The Character class holds textures, the Quest that it is involved with and a HashMap of questStage:Interaction objects. They also hold InteractionStageTalk objects for when the player talks to them at the wrong time etc.

The Quest class holds the name of the quest, the level required and experience rewarded. The Interaction class holds an array of InteractionStage objects, as well as requirements to enter that stage. The InteractionStage class is abstract. The InteractionStageTalk class holds a String that is said to the player by that Character as well as a delay. The InteractionStageGrant class holds an array of items to grant to the player. The player has a HashMap of their quests and the stages that they're at.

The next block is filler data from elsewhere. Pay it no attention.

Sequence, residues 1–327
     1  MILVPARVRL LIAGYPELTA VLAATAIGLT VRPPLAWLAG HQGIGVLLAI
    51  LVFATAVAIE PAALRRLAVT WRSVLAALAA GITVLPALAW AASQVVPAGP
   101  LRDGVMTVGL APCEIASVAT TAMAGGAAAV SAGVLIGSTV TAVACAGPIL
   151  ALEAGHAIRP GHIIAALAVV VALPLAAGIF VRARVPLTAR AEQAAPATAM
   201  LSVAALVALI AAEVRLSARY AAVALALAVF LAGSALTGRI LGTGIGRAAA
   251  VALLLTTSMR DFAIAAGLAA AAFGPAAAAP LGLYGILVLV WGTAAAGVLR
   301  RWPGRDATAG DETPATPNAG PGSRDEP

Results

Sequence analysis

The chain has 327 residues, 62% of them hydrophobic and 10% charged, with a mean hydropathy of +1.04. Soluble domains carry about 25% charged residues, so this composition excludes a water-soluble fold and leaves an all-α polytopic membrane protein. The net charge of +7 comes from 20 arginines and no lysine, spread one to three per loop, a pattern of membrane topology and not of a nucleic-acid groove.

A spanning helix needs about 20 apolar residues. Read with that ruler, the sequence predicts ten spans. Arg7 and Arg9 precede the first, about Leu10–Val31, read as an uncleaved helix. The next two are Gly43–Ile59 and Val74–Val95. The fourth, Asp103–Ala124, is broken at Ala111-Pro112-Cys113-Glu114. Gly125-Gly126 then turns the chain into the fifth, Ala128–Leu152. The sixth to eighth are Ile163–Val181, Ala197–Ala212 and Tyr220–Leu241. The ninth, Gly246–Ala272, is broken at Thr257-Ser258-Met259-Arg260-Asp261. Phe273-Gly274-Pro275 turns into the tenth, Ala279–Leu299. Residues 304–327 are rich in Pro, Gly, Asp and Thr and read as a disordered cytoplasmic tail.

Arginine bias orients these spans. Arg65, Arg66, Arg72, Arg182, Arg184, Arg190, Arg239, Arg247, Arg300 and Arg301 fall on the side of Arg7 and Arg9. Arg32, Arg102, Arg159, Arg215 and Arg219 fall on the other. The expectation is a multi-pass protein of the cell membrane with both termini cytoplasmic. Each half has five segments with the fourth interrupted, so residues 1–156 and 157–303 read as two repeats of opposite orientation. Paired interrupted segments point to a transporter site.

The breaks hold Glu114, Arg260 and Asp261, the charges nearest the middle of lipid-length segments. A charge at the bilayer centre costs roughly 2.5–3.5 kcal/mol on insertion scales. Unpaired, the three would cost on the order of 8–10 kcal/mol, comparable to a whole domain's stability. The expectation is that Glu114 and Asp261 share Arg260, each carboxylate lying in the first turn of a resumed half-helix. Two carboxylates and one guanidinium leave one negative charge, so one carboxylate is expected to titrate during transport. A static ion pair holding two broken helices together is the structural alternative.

Now, if you're only giving items at the end of your quest and have a constant chat delay time, the InteractionStage business may be completely useless and replaceable with a string array.

It's very easy to add new features if you lay your classes out like this.


I suggest looking at the "free" tools Bethesda offers for their games, or particularly the Obsidian variant for Fallout:NV, as they are built around making very large numbers of dynamic conversion trees for NPCs and quests.

A dialog in most current RPGs consists of sequences of scripted conversion interspersed with dialog options. Selecting an option plays another sequence. A sequence could include: text spoken, audio, cutscenes, or game actions.